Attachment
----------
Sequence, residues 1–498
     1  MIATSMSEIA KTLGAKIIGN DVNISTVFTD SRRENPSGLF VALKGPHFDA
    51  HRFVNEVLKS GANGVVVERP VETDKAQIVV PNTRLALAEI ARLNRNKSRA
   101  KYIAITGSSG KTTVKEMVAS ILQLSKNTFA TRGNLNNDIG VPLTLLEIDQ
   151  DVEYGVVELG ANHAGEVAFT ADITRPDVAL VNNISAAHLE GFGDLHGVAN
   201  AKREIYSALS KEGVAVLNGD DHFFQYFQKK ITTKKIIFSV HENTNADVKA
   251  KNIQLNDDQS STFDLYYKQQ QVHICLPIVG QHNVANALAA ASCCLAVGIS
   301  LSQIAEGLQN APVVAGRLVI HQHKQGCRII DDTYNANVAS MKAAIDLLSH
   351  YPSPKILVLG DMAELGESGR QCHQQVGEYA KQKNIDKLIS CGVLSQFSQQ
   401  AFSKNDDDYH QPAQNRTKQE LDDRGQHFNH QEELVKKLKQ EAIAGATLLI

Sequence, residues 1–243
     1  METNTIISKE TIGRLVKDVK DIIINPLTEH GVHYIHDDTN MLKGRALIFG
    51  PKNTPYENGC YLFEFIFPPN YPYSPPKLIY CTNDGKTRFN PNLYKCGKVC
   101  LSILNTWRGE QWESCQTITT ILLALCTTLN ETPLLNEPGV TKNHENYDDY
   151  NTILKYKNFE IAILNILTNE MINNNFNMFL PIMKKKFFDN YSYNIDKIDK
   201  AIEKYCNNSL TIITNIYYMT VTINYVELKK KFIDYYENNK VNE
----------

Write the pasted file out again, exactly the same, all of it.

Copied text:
Sequence, residues 1–498
     1  MIATSMSEIA KTLGAKIIGN DVNISTVFTD SRRENPSGLF VALKGPHFDA
    51  HRFVNEVLKS GANGVVVERP VETDKAQIVV PNTRLALAEI ARLNRNKSRA
   101  KYIAITGSSG KTTVKEMVAS ILQLSKNTFA TRGNLNNDIG VPLTLLEIDQ
   151  DVEYGVVELG ANHAGEVAFT ADITRPDVAL VNNISAAHLE GFGDLHGVAN
   201  AKREIYSALS KEGVAVLNGD DHFFQYFQKK ITTKKIIFSV HENTNADVKA
   251  KNIQLNDDQS STFDLYYKQQ QVHICLPIVG QHNVANALAA ASCCLAVGIS
   301  LSQIAEGLQN APVVAGRLVI HQHKQGCRII DDTYNANVAS MKAAIDLLSH
   351  YPSPKILVLG DMAELGESGR QCHQQVGEYA KQKNIDKLIS CGVLSQFSQQ
   401  AFSKNDDDYH QPAQNRTKQE LDDRGQHFNH QEELVKKLKQ EAIAGATLLI

Sequence, residues 1–243
     1  METNTIISKE TIGRLVKDVK DIIINPLTEH GVHYIHDDTN MLKGRALIFG
    51  PKNTPYENGC YLFEFIFPPN YPYSPPKLIY CTNDGKTRFN PNLYKCGKVC
   101  LSILNTWRGE QWESCQTITT ILLALCTTLN ETPLLNEPGV TKNHENYDDY
   151  NTILKYKNFE IAILNILTNE MINNNFNMFL PIMKKKFFDN YSYNIDKIDK
   201  AIEKYCNNSL TIITNIYYMT VTINYVELKK KFIDYYENNK VNE